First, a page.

TV bosses unite in senate over prominence and anti-siphoning laws

“It is frankly scandalous that these massive global tech firms can unilaterally insert themselves as gatekeepers between Australians and their free Australian content,” said SBS MD James Taylor.

SBS’ Managing Director has told a Senate Committee that it is “frankly scandalous” that smart TV manufacturers can bury or remove local BVOD services from their ecosystems.

James Taylor was speaking this morning alongside ABC Managing Director David Anderson about proposed prominence legislation, which is designed to ensure that free to air channels are easy for audiences to find on smart TVs.

Taylor recounted an example from 2018. “The best-selling connected TV in Australia wrote to SBS and advised that unless we agreed to a 15% revenue share arrangement and a placement fee, SBS would be removed from the ‘app launcher’ on the TV homepage for that brand.

“When SBS refused to pay, the manufacturer carried through on their threat … Then, in August 2020, that manufacturer delivered the same demand, but this time threatening to take SBS On Demand off the platform entirely. It was difficult for me to even find a representative in Australia for us to challenge this with.”

Taylor speaking in the Senate this morning

In 2023, it happened again with another platform operator with a market capitalisation of USD$1.7 trillion, which notified SBS that unless the public broadcaster agreed to “pay them 30% of the revenue we derived from being on their platform, they would exclude us entirely.”

“It is frankly scandalous that these massive global tech firms can unilaterally insert themselves as gatekeepers between Australians and their free Australian content, trusted news and information; services that have been intentionally developed and underpinned by decades of public policy,” Taylor continued.

Paramount and Network Ten boss Beverley McGarvey has experienced this first hand. She got a new TV for her office and it took 45 minutes to find the 10Play app. “I had to get an engineer,” she told the senators. The “entire point of the [prominence] conversation is to remove the friction” for users.

The ABC’s Anderson added that in some cases, when people search for Bluey on smart TVs, they are not taken to ABC iView, but to a paid service. Given the ABC is taxpayer-funded, Australian people have paid for Bluey once, Anderson argued, and should not have to pay again.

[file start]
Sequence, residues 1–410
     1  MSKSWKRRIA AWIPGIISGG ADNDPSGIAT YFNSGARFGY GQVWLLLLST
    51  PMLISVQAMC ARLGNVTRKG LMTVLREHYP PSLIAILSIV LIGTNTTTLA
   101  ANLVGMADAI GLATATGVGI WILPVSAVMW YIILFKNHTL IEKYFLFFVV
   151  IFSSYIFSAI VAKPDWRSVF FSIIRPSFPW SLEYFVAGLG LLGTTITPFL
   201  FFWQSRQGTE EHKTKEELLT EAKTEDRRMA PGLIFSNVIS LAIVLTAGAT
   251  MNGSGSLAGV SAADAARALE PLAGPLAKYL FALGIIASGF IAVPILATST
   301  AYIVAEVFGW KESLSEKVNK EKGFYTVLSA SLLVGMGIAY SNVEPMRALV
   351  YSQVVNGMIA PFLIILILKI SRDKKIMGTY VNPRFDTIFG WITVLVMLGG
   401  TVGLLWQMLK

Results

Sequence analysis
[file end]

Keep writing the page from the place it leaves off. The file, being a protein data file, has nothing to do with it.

Anderson told Senators that Australians looking for Bluey are often directed to a paid service

Taylor made the point that 67% of SBS On Demand traffic comes from connected TVs. Any friction those users experience from trying to find SBS content or the SBS app is only exacerbated for vulnerable Australians, including those “who can’t afford to pay for streaming” or those for whom English is a second language.

“It’s worth noting that we serve people in 60 languages on these platforms, some of the most vulnerable Australians. We’re publicly funded and we want to make sure that the public … have a reasonable access point to that content, and they’re not being disintermediated by a platform that is doing so simply because it can, not because it should.”

Mike Sneesby, CEO of Nine, noted that the prominence of local SVOD services is automatically impacted by global deals between the manufacturers and streaming giants. There is a Netflix button on many modern remotes, for example. TV networks already pay for their position – “and we are happy to do that,” per SBS MD Taylor – but some positions are not on offer.

“The top positions are not even available for sale, at any price,” Sneesby said.

While all TV executives support the legislation, SBS’ Taylor stressed that he wants to see it implemented now, because “ABC iView and SBS On Demand could be kicked off these connected TV platforms at any time” and “the commercial motivations are strong for these device manufacturers and we shouldn’t expect them to comply a moment before they’re required to.”

Currently, the bill only requires local BVOD tiles be available on new smart TVs manufactured 18 months after the legislation receives assent.

“We’re very concerned about the unjustifiable 18 month delay in commencement of the prominence provisions which appears to be based on a misunderstanding of likely compliance lead times,” Taylor added.
“This unwarranted delay will significantly compromise the effectiveness of the bill and unduly delay the benefit to Australian audiences that it seeks to deliver.”

“It’s worth remembering that under this proposed framework, users will still have complete control over the apps on their TVs. Nothing in the legislation prevents someone from customising the homescreen adding or deleting apps as they wish. All this legislation does is ensure that local free services are available and visible as a default, giving us a fair shot at reaching our audiences and fostering a healthy media ecosystem where both local and internet international players can flourish.”

McGarvey also opposed the 18 month delay: “The government should not delay the implementation of prominence rules because in our experience, these changes can be implemented much faster on new TVs and even for existing TVs that regularly receive software updates.”

Taylor, Anderson, Sneesby, and McGarvey were joined by Seven CEO James Warburton, Free TV CEO Bridget Fair, and Free TV Chair Greg Hywood. They appeared before the Environment and Communications Legislation Committee, calling for the prominence and anti-siphoning bill to be strengthened.

Fair noted that, “with just a few simple changes, it could become an excellent piece of legislation that fulfills its purpose and safeguards Australians’ access to free TV for years to come.”

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